This is the message of Easter that, as our Lord appeared to his disciples and then disappeared and appeared again to others—appeared and disappeared, appeared and disappeared—we are to learn that He is truly present with us even though you cannot see him. But, better than that, he has given us the way for us to know that He is not only everywhere but that He is everywhere for you. This is the significance and meaning of the Sacrament of the Altar, the Holy Communion, the Eucharist. Not only do His words of institution tell us that with this bread and cup set apart for this use we receive His body and blood, but that also in this meal we receive the forgiveness of sins as this His crucified and risen body and blood is given “for you.”

So very real is Jesus’ sacramental presence that we dare to sing in the hymn:

Here, O my Lord, I see Thee face to face;
Here would I touch and handle things unseen;
Here grasp with firmer hand the eternal grace,
And all my weariness upon Thee lean. (LSB 631)

How blest were those first disciples. How blest Jesus’ mother and relatives. How blest Thomas who, when he saw the feet, the hands, the side of his risen Lord cried, “You are my Lord and God!” And how blest will all believers be:

When we on that final journey go
That Christ is for us preparing.
We’ll gather in song, our hearts aglow,
All joy of the heavens sharing.
And walk in the light of God’s own place,
With angels His name adoring. (LSB 503)

Thy Kingdom Come: The Reign of Death is Ended

Text: Matthew 28:1-10
Date: Easter + 4/16/17

At Easter we witness the greatest transfer of power in the history of the world; greater than the American Revolution or any other revolution; greater than the more peaceful transfer of power from one American President to the next. This was a transfer of royal cosmic power to reign and rule over all creation, something only the maddest of men have even contemplated. Martin Luther saw it that way in his Easter hymn, “Christ Jesus Lay in Death’s Strong Bands.” He sees the enemy wearing the crown of his reign of sin and death in this world now taken and transformed by God as he writes,

Christ Jesus, God’s own Son, came down,
His people to deliver;
Destroying sin, He took the crown
From death’s pale brow forever:
Stripped of pow’r, no more it reigns;
An empty form alone remains;
It sting is lost forever. Alleluia! Continue reading Thy Kingdom Come: The Reign of Death is Ended

Thy Kingdom Come: Thy Kingdom Has Come

Text: St. John’s Passion
Date: Good Friday + 4/14/17

Finally, what we have been praying for has come. Oh, maybe some have thought the Kingdom of God would be the answer to all our problems. Thy Kingdom Come. Or maybe you have thought God would begin ruling in your favor against all the unfairness and shortcomings of everyday life in this world. But tonight we pray again, “Thy Kingdom Come.” And, to our surprise, here it is. Complete healing? Success? Wellness? No. The surprise is this is the kingdom of God: the blood drenched cross. Pilate couldn’t see it. His responsibility was to provide some sense of governmental justice both for Jesus and for the Jews. And we continue to struggle with the realities of living in this world, this work-a-day world of hours and wages and deductions and taxes. Pilate asked Jesus repeatedly and with wonder if He were the king, not of Israel, but of the Jews. And why doesn’t He look like or act like a king? “My kingdom is not of this world.” Continue reading Thy Kingdom Come: Thy Kingdom Has Come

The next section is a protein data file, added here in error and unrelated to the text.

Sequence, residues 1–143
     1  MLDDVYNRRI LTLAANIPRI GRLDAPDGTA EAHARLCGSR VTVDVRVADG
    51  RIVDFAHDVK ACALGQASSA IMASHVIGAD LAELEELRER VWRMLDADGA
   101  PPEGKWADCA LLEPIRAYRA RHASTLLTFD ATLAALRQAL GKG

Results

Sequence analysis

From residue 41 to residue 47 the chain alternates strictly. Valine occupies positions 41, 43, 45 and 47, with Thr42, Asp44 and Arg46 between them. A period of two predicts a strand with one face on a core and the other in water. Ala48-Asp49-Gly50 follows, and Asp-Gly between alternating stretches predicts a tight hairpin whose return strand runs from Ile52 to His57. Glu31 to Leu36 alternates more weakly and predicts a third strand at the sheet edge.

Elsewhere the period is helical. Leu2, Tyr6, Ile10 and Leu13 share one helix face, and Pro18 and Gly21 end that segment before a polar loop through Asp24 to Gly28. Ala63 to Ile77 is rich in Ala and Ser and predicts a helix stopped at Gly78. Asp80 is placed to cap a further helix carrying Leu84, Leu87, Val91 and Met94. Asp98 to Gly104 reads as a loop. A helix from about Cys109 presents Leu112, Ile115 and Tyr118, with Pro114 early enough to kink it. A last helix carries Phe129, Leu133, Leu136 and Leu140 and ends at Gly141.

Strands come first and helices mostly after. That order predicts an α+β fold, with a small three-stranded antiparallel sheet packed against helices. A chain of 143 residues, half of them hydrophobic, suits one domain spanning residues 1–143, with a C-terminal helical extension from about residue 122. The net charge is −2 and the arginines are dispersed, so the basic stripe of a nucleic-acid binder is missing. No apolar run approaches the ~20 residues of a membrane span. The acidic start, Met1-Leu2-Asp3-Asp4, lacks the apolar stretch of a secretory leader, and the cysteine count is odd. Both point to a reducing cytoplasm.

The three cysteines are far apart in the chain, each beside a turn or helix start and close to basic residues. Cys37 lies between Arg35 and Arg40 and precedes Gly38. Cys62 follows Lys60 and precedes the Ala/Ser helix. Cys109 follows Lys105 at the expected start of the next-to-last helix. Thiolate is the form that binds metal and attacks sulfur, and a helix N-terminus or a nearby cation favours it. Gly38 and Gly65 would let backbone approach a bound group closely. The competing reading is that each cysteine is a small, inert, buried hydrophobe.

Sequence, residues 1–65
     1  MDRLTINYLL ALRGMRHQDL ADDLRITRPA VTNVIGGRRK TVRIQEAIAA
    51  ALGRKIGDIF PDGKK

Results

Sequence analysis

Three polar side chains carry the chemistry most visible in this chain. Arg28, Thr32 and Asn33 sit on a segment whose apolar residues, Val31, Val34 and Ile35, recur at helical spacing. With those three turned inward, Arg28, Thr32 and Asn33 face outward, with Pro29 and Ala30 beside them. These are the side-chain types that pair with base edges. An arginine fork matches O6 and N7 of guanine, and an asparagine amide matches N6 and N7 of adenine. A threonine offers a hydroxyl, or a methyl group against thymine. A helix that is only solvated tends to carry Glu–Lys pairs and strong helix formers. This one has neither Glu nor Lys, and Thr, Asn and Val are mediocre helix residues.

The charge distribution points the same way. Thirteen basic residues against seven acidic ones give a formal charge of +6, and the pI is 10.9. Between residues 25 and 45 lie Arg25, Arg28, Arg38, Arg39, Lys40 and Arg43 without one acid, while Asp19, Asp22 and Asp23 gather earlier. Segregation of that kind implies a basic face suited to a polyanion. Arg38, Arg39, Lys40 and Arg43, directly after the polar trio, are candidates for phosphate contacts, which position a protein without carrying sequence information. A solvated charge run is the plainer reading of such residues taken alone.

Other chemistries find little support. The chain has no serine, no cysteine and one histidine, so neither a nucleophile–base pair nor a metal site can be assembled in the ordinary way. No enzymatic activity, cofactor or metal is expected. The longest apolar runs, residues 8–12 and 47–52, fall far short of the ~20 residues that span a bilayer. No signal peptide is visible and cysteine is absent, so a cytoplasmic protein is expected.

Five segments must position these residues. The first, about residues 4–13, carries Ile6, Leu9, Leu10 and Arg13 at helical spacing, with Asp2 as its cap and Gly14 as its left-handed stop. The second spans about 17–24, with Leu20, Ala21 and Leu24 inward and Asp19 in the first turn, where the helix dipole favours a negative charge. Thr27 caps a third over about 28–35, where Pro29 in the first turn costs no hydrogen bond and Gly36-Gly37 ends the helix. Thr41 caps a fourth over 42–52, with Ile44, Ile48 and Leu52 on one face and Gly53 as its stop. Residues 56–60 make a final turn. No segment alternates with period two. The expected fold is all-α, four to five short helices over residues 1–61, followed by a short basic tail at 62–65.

Thy Kingdom Come: The Royal Banquet

Text: Matthew 26:17-30
Date: Maundy Thursday + 4/13/17

It is debated to what extent our Lord’s observance of the annual Passover was like the modern observance. Many think it was a bit simpler. Yet we know from Luke’s Gospel that there were the traditional four cups of wine, the sharing of the matzah and a meal or supper. Certainly it wouldn’t be a valid Passover without the prayers and the reading and review of the Exodus from Egypt especially the command to place some of the blood of the lamb on the doorposts. As God sent the angel of death when the firstborn of every household would die, as the last sign to Pharaoh, so He spared his own people, saying, “The blood shall be a sign for you.” “And when I see the blood, I will pass over you, and no plague will befall you to destroy you, when I strike the land of Egypt” (Ex 12:12-15). Continue reading Thy Kingdom Come: The Royal Banquet

Thy Kingdom Come: Who Is This King of Glory?

Text: St. Matthew’s Passion
Date: Passion/Palm Sunday + 4/9/17

The kingdom of God comes to us all by itself without our prayer. Martin Luther in his Large Catechism says the kingdom of God came as He “sent his Son, Christ our Lord, into the world to redeem and deliver us from the power of the devil and to bring us to himself and rule us as a king of righteousness, life, and salvation against sin, death, and an evil conscience.” He didn’t ask us for permission. He just did it. Continue reading Thy Kingdom Come: Who Is This King of Glory?